I think I've started Ulysses about 43 times in my life, and I've never gotten further than page 97. Same with Catch 22. I'm just not that bright. So I'll be looking forward to your post as well.

P.S. I tried the pump water in the tank trick, and it didn't work. But it had been working until Jess used it. But for whatever reason he put the water in the bowl. So I think he broke it to pay me back for his tractor. I pray it's not the septic, because there's another 6500 smackers down the drain, so to speak.

Keifus said...

Cantcha see I'm trying to manage expectations here? I'm on about p. 400, and it's nice as each section eventually smooths out as I get the feeling of the voice, right until he goes and fucks up the rhythm yet again in the next chapter. So it's taking me a while. Actually, some of my thoughts on U. and C22 are similar, so maybe there's something. I connected more easily with the latter, though. It's possible that I have a small bitter streak.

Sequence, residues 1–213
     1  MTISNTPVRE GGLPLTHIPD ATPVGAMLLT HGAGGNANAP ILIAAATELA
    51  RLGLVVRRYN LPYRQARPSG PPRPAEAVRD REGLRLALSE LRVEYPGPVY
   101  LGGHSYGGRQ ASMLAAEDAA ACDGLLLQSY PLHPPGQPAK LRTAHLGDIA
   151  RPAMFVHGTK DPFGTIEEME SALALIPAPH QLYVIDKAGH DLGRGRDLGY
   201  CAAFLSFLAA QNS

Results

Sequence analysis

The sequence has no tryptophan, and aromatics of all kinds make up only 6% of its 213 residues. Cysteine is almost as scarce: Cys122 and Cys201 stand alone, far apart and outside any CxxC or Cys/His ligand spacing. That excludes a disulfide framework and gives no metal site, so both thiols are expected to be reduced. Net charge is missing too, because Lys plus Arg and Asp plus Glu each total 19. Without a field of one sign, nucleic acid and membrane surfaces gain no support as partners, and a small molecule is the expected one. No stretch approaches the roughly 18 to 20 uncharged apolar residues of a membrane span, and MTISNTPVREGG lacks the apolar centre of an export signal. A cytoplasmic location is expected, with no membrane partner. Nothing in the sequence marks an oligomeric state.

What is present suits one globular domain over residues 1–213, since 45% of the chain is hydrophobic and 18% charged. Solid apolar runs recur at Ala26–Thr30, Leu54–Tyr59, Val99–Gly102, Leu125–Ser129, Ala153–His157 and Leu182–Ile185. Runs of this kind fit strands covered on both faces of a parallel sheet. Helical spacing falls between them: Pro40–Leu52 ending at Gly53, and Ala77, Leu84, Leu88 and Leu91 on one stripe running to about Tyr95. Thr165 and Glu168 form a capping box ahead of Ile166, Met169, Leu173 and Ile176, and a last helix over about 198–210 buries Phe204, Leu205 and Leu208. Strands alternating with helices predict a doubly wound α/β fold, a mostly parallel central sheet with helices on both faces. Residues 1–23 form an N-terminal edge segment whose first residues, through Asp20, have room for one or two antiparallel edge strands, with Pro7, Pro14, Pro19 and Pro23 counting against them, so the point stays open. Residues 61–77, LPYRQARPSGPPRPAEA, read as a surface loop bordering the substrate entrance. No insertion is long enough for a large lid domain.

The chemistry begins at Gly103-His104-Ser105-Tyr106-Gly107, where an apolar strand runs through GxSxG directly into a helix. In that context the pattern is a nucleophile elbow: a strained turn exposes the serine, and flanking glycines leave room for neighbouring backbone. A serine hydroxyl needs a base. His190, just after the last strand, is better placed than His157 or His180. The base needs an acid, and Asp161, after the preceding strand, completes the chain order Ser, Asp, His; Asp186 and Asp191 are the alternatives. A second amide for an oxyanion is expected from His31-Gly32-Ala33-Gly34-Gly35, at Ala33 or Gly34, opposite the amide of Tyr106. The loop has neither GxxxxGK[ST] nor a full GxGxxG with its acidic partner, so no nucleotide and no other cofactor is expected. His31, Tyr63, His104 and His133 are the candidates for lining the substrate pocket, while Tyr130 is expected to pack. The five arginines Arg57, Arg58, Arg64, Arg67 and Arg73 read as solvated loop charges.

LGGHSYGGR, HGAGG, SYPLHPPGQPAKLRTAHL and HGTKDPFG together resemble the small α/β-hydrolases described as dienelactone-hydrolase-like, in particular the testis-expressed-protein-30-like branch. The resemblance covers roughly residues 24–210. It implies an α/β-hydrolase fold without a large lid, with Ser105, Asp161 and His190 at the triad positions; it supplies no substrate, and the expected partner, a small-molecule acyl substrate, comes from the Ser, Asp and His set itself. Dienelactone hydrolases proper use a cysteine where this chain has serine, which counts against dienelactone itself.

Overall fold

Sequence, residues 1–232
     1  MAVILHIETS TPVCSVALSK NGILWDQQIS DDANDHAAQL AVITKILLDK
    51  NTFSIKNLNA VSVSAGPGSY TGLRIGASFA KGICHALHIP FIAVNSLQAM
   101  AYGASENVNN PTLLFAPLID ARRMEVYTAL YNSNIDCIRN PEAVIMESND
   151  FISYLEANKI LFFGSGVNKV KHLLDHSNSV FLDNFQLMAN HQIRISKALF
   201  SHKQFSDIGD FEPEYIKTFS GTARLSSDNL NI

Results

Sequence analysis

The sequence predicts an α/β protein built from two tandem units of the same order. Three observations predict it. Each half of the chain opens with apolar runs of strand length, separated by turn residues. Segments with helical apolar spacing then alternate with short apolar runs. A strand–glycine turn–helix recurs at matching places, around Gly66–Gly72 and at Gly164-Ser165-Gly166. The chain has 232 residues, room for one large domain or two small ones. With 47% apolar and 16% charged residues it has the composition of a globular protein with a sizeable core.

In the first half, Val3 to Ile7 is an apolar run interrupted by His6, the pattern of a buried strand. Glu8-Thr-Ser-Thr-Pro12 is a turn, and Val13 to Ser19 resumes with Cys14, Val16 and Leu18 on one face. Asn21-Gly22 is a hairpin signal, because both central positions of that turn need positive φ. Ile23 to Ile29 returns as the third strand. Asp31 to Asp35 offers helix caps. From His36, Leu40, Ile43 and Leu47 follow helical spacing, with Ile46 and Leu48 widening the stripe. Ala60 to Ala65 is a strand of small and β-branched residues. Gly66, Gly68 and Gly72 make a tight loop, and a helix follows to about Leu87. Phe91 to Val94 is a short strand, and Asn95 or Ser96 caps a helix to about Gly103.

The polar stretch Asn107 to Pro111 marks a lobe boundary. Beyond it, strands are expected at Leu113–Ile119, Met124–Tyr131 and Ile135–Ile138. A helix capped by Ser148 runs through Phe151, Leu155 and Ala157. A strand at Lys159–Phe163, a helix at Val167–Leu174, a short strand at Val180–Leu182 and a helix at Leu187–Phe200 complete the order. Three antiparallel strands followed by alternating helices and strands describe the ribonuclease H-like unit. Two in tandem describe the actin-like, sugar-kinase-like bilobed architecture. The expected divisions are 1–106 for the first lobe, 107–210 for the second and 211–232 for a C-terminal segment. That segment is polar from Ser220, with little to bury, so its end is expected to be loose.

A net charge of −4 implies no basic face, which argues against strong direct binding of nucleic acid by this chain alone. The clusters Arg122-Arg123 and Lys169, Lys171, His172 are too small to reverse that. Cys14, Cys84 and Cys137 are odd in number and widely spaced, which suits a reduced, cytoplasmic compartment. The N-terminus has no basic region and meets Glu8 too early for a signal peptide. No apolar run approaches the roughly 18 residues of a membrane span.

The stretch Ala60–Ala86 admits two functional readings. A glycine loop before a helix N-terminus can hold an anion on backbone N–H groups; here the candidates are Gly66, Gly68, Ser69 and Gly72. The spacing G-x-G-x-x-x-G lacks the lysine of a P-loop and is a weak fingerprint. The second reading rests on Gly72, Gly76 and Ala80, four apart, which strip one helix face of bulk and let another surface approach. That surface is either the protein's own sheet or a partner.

Cheap possible solutions are replacement toilet guts, or maybe a plunger. No one wants to know where the drain goes, much less pay to find out. Good luck.

I've learned on various occasions (wow, tubing would be fun to do again--note to self: must find friends) that canned beers are neutrally buoyant. Probably the little bit of headspace makes up for the density of the can. You might be thinking of Keystone, "bottled [awful] beer taste in a can" which, in those days when I was a connoisseur of both floating and cheap brews, had the advantage over Busch or Milwaukee's Beast in that someone actually bothered to advertise it.

Cindy said...

Switters - I think one has to read Ulysses aloud to get past page 97. It works with someone or alone.

Beer (or bourbon) helps.

I think Moon Pie would enjoy listening to you read aloud in the evenings.